Articles 26 and 27 of the ICCPR states as follows-
All persons are equal before the law and are entitled without any discrimination to the equal protection of the law. In this respect, the law shall prohibit any discrimination and guarantee to all persons equal and effective protection against discrimination on any ground such as race, colour, sex, language, religion, political or other opinion, national or social origin, property, birth or other status.
In those States in which ethnic, religious or linguistic minorities exist, persons belonging to such minorities shall not be denied the right, in community with the other members of their group, to enjoy their own culture, to profess and practise their own religion, or to use their own language.
This would show that there are no special privileges to the majority communities in democracies contemplated in International legal documents. It would be seen that it is the so called minorities’ views that no democratic country can ignore. (Vide Article 27 above). I say so called because Tamils are majority in their own areas but referred to as Minorities in this Country working under a Unitary constitution.
I am amused by this gentleman’s following statement-
It is time the Tamils realized this (that majority rights are paramount) and accepted the thesis that the liberation of all Sri Lankans, irrespective of ethnic or other identities, lies in economic development on an equitable basis.
This is rubbish! How could he talk of liberation of all Sri Lankans? Are the Sinhalese in need of liberation from Sinhalese? We Tamils are in need of such liberation from the stranglehold of the Sinhalese. But not the Sinhalese from Sinhalese. Probably what he meant was development of all Sri Lankans, irrespective of ethnic or other identities, lies in the economic development on an equitable basis.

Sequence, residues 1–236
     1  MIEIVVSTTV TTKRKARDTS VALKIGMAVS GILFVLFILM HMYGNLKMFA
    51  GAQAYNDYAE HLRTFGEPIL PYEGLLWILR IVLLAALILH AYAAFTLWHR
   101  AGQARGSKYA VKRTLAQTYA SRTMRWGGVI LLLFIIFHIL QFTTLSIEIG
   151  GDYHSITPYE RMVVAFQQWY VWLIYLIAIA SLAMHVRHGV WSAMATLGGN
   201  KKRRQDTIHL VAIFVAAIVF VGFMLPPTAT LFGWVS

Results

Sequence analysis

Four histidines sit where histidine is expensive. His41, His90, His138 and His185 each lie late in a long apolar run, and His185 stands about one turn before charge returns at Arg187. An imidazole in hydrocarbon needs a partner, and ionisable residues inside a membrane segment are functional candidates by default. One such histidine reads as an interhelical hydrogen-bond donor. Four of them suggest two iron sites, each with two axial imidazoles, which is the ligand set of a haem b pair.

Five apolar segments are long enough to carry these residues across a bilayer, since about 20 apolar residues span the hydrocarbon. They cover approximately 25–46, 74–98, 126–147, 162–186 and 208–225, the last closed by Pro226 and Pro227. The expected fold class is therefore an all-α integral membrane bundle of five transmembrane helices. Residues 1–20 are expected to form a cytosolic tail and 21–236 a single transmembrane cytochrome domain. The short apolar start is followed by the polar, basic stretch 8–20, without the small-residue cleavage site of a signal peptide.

It is such development which has become impossible after the War. How could the North and East develop if the Military is stationed in large numbers in the North and East in some places in the ratio of two is to one? How could the North and East develop when the lands in those areas are being grabbed by Central Governmental organizations day in and day out under various pretexts? How could the North and East develop when the Central Government holds the financial and administrative reins over the North and East in its hands regarding any projects? How could the North and East develop when Provincial Councils are not provided with the necessary finances for development? When I was Chief Minister of the Northern Province every cent given to us by the Central Government (though the sum given to us was woefully low) was spent by us. But the Government gave very large sums to its officers at the District Secretariats and most of that money was sent back though the blame was placed on the Chief Minster who had no connection nor control over those finances.
Therefore economic development on an equitable basis is not possible when the majority community holds the whip hand over all matters pertaining to the minority groups. This is why we have called for full devolution of powers under a Confederal Constitution. Majority Community has no right to harden their views as stated by the Official because we are by International Law entitled to the right of self determination. How could the Sinhalese harden their views when we Tamils of the North and East have always been separate and individual? We did not take over lands occupied by the Sinhalese in the North and East. It is the remnants of the Tamil Buddhists (Demala Baudhayo) that are being put forward for the Sinhalese to further usurp the lands of the Tamils.
Justice C.V.Wigneswaran, M.P.